one perfect night

Any parent of small children can tell you: stuff usually does not go according to plan. You either learn to live with this, become flexible, and go with the flow, or you spend a lot of time frustrated that life never just GOES RIGHT. Someone will always poop their pants on the day you forgot to pack a spare outfit, but never on the days that you did, you know?

But in the same vein of my “it gets better” post, I think it’s important to notice when things actually do go really really right. It may not happen often, but I promise, it does happen just often enough that if you take time to notice, outweighs so much of the “STUFF NEVER GOES RIGHT” frustration.

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Last night we had one such perfect night, and after we got the kids to bed and fixed our ritual fancy drink, my husband and I clinked our glasses and remarked on what a great night we’d had. It started when both kids actually took good naps, so we were primed and happy as we set out. We met up with some friends with a son our girls’ age at a local pizza place, and everyone sat in their chairs and happily ate their food, which was served promptly, and no one spilled any drinks or threw any fits. The kids entertained each other with silly antics and enjoyed sprinkling their own cheese on their own pizza, and we got to chat with some actual grownups, too.

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Then we walked up the street a couple of blocks to the fanciest hotel in town, The Capital Hotel, for their annual Christmas tree lighting. The Capital does it up right– there was even a man literally roasting chestnuts on an open fire right outside the front door. The girls were given jingle bells on red ribbons as we walked in. We each had a tiny glass of egg nog. There were Nutcracker ballerinas wandering around, and my two little ballet dancers stared at them in awe. “Ballerinas LIKE ME!” Etta exclaimed. Claire got one look at the giant tree in the center of the lobby and declared: “It’s ENORMOUS!” Each girl got one perfectly iced sugar cookie, and Etta chose “a star LIKE ME!” while Claire went for a red and white candy cane.

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The girls led us up the grand staircase to the upper balcony, which turned out to be a perfect spot from which to watch the tree light up, and left us perfectly positioned to be third in line to see a wonderful, real-bearded Santa when he assumed his perch on a reserved velvet sofa nearby. Third in line is ideal, it turns out, because the kids can see other kids greeting Santa and surviving, and you have just enough time to rehearse what you’re going to tell him you want. (Claire, a jack in the box; Etta, an umbrella, a typewriter, a music box, and a vacuum cleaner. I have no idea where my kids got such retro wishes, either.) A friend happened to be nearby just in time, so we even got a lovely picture of all four of us with the Jolly Old Elf, who gave each kid a jumbo candy cane, and then we headed toward the door.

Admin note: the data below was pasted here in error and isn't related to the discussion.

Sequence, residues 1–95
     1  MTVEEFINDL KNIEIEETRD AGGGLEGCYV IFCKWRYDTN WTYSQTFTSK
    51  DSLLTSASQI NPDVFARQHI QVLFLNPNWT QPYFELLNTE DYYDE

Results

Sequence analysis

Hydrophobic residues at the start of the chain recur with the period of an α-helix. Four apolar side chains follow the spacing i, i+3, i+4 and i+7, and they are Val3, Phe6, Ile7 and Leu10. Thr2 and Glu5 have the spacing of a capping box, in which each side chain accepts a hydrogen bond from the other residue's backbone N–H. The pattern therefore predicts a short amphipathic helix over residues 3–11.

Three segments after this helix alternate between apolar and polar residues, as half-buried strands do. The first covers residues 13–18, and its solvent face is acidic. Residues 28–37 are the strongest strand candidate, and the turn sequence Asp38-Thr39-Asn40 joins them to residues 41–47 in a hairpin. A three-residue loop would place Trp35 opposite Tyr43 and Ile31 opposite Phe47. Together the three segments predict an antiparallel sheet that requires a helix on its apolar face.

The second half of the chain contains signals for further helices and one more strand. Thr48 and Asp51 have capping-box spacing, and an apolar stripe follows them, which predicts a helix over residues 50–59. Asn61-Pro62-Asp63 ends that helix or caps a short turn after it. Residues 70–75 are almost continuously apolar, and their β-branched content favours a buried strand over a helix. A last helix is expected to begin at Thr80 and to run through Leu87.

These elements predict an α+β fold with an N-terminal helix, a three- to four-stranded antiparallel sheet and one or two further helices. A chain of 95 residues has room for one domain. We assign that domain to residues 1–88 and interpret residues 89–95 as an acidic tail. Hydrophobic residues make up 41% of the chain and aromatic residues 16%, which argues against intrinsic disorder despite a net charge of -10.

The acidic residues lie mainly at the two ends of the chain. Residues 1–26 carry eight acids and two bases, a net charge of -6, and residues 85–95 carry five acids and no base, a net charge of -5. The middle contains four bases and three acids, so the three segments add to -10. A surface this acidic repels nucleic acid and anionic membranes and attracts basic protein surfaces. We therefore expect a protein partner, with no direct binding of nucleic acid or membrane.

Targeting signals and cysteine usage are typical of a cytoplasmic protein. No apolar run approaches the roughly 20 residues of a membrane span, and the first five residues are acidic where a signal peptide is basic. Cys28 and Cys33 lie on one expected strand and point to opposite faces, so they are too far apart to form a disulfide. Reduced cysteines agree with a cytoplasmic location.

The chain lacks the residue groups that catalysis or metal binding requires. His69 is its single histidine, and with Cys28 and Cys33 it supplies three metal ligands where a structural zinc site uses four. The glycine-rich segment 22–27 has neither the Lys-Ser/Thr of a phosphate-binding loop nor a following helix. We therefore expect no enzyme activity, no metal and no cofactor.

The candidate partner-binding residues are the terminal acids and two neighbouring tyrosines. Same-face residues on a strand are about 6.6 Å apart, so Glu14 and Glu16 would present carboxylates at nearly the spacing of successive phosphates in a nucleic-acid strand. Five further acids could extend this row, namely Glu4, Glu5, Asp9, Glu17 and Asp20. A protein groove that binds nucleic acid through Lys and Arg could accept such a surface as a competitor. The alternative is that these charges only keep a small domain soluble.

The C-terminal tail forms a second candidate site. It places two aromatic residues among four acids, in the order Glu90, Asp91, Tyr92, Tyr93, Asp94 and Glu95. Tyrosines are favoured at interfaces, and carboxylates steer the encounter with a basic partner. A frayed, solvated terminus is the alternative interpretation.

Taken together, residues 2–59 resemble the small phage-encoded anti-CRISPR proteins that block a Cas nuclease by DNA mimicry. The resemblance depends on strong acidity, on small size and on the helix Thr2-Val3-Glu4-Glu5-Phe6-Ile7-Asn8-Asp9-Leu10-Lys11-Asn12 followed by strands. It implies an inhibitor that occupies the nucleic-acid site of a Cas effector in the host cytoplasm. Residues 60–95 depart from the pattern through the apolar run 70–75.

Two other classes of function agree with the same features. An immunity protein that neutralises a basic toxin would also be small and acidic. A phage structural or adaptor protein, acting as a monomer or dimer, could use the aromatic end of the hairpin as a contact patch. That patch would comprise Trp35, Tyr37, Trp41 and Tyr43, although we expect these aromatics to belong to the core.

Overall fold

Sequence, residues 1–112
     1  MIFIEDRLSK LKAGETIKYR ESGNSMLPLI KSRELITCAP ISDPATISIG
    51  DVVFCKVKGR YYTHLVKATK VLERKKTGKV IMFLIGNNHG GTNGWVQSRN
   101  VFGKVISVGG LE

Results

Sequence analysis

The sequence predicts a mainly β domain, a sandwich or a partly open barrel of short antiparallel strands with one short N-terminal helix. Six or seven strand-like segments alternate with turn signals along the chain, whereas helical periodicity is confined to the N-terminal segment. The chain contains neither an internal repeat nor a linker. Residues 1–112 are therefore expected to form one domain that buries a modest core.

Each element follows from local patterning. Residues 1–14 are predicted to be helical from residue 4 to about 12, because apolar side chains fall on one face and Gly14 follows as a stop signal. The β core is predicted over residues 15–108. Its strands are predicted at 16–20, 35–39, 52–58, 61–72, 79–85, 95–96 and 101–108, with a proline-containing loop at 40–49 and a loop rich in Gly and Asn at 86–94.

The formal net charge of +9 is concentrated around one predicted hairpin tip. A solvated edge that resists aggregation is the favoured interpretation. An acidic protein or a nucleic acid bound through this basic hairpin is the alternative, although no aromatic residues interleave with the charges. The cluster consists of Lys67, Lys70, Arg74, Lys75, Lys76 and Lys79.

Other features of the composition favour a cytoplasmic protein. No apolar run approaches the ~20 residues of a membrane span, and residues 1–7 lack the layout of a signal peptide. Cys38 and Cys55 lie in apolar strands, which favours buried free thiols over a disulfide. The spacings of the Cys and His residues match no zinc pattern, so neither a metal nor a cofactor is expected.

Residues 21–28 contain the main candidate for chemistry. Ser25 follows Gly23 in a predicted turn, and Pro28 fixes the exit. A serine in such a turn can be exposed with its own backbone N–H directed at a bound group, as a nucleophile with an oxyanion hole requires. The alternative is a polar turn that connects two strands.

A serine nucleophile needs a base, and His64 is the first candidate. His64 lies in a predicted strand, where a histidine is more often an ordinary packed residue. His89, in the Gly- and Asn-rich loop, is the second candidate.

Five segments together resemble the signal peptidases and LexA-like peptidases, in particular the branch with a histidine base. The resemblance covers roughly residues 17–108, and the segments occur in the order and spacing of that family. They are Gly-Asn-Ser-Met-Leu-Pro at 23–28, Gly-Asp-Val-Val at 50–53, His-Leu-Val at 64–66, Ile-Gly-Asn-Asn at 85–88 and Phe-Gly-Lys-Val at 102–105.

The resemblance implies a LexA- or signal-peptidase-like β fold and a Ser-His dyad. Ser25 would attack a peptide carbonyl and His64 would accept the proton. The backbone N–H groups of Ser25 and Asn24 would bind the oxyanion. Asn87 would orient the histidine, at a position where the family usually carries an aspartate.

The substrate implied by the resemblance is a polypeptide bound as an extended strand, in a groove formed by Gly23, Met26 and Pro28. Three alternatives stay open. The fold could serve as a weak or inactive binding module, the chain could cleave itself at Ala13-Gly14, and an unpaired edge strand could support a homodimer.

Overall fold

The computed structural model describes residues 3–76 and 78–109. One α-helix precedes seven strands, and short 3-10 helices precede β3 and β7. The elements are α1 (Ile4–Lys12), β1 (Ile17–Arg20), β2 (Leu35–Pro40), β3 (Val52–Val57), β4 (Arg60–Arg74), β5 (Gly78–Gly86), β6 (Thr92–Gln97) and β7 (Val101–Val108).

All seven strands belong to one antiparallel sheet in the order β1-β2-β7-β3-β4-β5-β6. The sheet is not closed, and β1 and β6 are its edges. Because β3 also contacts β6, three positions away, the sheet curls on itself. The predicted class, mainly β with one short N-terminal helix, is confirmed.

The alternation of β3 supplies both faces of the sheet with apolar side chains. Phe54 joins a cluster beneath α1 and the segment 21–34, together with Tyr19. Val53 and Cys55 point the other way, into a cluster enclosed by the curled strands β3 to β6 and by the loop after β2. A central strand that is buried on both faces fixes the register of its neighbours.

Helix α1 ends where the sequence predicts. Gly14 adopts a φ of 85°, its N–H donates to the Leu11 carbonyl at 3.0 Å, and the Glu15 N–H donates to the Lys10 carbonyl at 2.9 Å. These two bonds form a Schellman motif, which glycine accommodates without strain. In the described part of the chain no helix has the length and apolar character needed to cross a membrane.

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We arrived home and they gave up their largely unfinished candy canes without a fight (shocker), got into jammies with Etta only vetoing two pairs before settling on one, and did our nightly Jesse Tree reading before stories and bedtime, which also went smoothly. By the time I was mixing us up some cranberry rosemary Moscow mules (recipe soon, I promise), I was basically high on visions of sugar plums. I know how rare a night like that is at this stage of parenting. I’ve been through enough of the opposite to know I should be thankful. If this one perfect evening with family and friends is the closest thing we get to a Christmas miracle this season, I will count myself lucky.

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I’m looking forward to this season with our girls. They are full of wonder and hope and joy and innocence, and it turns out they are capable of some pretty magical moments. And when they’re not, and things don’t go according to plan? At least I know I’ve got my cranberry rosemary mule recipe perfected…

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I’m a big old feminist, but I love Barbie. Their new ad shows exactly why.

I'm a big old feminist, but I love Barbie. Their new ad campaign shows why. | erniebufflo.com

Last week, my girls got their first non-baby dolls. They’re some Disney Princess toddler dolls they fell in love with Sam’s Club, and I’ve already roped their grandmother into sewing some clothes for the dolls by oh-so-helpfully sending her some links to some patterns. I foresee many hours of doll-playing in our future, and I know that soon enough, when they are a little bit older, it will be Barbie time.

This may surprise people who know me, a person who has been known to actually walk around in a tee-shirt that says FEMINIST across the chest, but I’m absolutely going to let my girls play with Barbies. Yes, I agree that Barbie presents a certain impossible beauty standard that is problematic and should be discussed and maybe even changed (hey Mattel, is fixing Barbie’s waist-to-hip ratio too much to ask?!), but I also think Barbie offers girls something no other toy does: the ability to imagine and enact narratives about adult life. Baby dolls facilitate one kind of play: parenting, which is wonderful and valuable, and all kids should get the opportunity to pretend-nurture and act like their parents, but it’s still limited. But Barbie? Barbie is a blank canvas. Barbie can be anything, and by extension, so can the child bringing her to life.